Take the 2-minute tour ×
Game Development Stack Exchange is a question and answer site for professional and independent game developers. It's 100% free, no registration required.

I'm thinking that the straight-forward way would be to just iterate through the objects and just find the maximum and minimum coordinates on each axis, but this seems a little bit unoptimal.

Is there a faster, more efficient way of doing this?

share|improve this question
    
may I ask, first is your scene 2D or 3D, and second why do you need a volume that contains all objects? –  Ali.S Jun 24 '11 at 10:26
    
it's a 3D scene.I'm trying to build an octree to reduce the number of collision detection checks. –  adivasile Jun 24 '11 at 10:47
1  
@Gajet it has to be 3D, it's a volume ;-) –  The Communist Duck Jun 24 '11 at 11:59
add comment

2 Answers

up vote 1 down vote accepted

I don't know why or how exact your volume needs to be, but if you give each object a bounding sphere (you probably already have that, or it might be wise) you can very cheaply merge all these bounding spheres to find the entire volume. Of course this would still be O(N) but merging bounding spheres is really cheap.

Another solution would be spatial partitioning, you divide your world into large (axis aligned cube like) chunks and every time an object moves you update in which chunk it is, at the same time you can also check if the chunk it moved to is more to the outside as the last most outside part.

You have to take care though that if an object leaves one of the most outside parts you have to check if that outside chunk is now empty, and if so slightly shrink the volume.

A good way to do this would be to store an int[x,y,z] that stores how many objects are present, or another structure like a list, that stores a references to each object in that chunk.

Anyway if you clarify your question even further by describing what you're trying to accomplish we would probably be able to give you a better answer.

share|improve this answer
add comment

When building an Octree, you can start at any size and change it later, for example, I once wrote an octree to help reduce the interation tests in my physics collision detection routine, and started out with size 1.0f for each axis. As physics elements were added to the scene, the octree grew, the first element was a 4.0f radius object somewhere quite far from the origin, lets say (5,4,100), so as there were no elements in the octree, I merely resized the root node (doubling it until it fit) to 128.0f.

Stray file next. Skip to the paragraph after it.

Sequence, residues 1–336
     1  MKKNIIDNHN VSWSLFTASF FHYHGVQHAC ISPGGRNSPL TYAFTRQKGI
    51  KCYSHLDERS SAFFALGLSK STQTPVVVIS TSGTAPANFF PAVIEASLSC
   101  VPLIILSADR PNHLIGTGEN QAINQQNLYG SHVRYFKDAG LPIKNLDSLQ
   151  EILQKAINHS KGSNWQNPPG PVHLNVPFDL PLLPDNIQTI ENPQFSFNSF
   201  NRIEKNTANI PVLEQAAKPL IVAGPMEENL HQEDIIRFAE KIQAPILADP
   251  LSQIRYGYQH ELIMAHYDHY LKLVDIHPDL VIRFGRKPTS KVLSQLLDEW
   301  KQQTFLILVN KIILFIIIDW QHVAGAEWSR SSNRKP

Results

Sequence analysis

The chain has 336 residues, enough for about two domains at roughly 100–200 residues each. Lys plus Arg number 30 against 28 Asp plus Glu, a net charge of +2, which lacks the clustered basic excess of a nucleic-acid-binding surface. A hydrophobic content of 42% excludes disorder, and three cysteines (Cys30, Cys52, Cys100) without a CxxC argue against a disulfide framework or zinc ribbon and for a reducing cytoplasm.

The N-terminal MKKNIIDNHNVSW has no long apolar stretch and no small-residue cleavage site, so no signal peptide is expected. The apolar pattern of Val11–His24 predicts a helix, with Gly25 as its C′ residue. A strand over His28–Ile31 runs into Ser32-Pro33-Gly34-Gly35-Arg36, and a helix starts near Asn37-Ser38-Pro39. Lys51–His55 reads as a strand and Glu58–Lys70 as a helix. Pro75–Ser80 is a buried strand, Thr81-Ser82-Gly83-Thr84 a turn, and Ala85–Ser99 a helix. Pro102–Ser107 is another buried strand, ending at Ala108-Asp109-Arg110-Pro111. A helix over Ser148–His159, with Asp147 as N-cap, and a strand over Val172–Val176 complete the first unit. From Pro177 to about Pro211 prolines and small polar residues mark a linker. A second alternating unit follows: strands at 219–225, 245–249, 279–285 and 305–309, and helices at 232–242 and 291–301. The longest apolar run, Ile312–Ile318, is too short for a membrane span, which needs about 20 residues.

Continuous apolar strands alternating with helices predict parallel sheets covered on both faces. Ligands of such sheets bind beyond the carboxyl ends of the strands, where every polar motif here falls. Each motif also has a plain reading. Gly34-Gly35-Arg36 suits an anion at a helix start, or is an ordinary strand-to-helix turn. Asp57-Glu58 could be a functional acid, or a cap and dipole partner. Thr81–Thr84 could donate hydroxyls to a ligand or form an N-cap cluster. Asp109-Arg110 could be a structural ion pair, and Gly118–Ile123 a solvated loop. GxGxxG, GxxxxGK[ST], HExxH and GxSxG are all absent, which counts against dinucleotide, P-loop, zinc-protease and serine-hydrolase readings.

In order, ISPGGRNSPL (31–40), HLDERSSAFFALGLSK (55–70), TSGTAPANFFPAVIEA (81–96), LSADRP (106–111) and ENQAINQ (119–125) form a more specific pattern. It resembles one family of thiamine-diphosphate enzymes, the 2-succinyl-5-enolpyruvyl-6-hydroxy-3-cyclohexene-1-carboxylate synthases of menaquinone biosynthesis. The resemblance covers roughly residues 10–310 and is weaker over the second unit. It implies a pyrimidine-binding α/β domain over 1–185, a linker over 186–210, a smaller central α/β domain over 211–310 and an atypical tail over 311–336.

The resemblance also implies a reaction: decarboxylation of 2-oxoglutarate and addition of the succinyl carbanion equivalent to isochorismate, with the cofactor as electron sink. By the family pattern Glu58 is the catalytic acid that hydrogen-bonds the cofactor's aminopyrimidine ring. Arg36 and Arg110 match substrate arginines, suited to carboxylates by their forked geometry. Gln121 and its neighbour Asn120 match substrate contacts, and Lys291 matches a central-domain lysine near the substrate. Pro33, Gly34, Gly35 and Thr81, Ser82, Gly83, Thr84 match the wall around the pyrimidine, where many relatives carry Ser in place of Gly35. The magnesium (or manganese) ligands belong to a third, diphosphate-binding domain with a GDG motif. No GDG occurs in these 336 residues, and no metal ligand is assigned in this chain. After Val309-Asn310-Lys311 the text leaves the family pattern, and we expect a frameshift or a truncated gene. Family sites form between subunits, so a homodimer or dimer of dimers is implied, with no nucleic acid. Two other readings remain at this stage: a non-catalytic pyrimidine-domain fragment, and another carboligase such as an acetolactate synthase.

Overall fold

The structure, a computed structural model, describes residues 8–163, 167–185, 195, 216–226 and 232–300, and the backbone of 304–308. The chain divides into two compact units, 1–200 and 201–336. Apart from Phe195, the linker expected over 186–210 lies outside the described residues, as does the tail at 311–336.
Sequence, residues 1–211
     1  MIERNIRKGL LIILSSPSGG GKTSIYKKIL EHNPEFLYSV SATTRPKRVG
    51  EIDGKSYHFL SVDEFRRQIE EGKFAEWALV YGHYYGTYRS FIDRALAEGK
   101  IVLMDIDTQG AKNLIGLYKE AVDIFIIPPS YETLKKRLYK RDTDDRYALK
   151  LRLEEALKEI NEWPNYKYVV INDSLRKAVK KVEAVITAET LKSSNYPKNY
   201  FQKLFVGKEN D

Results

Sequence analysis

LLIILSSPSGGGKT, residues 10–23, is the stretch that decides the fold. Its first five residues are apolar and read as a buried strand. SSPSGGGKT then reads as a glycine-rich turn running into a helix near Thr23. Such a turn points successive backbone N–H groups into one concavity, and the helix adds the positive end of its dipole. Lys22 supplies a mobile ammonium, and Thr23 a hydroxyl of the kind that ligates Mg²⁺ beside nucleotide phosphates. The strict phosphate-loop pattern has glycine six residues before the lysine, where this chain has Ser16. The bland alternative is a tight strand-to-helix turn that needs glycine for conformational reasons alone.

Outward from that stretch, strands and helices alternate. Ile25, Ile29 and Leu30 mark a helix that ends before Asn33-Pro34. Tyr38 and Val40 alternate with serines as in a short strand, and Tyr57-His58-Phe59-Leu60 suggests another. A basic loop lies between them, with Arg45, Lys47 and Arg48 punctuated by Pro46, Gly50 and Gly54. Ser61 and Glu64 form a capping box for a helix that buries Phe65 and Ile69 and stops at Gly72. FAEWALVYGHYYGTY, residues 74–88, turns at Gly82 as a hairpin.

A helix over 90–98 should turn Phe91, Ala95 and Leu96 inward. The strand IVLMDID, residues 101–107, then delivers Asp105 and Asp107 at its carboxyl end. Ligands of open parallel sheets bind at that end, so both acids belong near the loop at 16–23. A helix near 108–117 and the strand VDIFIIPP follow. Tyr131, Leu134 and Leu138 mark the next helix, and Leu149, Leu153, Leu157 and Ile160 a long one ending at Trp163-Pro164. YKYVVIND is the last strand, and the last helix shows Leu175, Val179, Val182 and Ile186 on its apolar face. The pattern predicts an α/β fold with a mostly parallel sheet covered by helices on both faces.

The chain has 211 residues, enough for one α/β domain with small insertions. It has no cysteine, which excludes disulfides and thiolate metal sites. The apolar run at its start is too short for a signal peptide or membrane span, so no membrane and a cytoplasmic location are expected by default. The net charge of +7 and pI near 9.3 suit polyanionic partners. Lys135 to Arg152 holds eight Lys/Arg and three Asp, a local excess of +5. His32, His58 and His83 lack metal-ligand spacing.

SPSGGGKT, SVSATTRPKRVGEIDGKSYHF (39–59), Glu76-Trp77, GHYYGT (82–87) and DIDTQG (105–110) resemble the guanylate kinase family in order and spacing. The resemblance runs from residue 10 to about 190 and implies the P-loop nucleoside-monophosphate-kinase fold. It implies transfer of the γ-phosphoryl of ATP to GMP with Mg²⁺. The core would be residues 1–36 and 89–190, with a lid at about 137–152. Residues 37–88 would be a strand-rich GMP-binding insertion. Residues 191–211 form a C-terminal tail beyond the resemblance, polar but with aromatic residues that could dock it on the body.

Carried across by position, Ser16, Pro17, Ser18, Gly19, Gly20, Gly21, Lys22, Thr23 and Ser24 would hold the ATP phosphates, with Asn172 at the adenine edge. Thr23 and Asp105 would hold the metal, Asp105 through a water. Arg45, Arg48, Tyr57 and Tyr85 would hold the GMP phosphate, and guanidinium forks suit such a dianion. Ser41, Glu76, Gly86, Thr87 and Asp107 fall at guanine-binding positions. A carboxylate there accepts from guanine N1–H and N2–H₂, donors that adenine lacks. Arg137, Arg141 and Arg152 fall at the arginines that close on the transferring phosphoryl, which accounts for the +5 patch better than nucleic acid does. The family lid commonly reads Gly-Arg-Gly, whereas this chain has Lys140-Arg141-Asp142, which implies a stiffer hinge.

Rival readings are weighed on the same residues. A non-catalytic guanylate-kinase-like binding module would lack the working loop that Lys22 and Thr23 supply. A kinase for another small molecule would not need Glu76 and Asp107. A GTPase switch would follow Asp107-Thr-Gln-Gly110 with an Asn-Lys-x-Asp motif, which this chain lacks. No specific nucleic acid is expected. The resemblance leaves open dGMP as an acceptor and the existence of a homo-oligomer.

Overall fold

The second element is where you see interesting things, the second element added was also outside the existing octree, (200,200,200, Radius4) so the root node could not hold it, so instead, i created a new double size root node, and pushed the current root node contents out into the 8 new nodes (only one created in this case as the octree was brand new)

The new root was big enough, so now I had two nodes, one root and one octree branch.

This carried on until all the elements were added to the scene, adding a new node at the root whenever the content was outside the existing range, adding new nodes at the branch whenever the number of items in the branch went over my arbitrary limit.

The side effect of starting with a small size and resizing cannot be overstated. Unless you're working in a constrained world, you're bound to go out-of-bounds at some point.

share|improve this answer
add comment

Your Answer

 
discard

By posting your answer, you agree to the privacy policy and terms of service.

Not the answer you're looking for? Browse other questions tagged or ask your own question.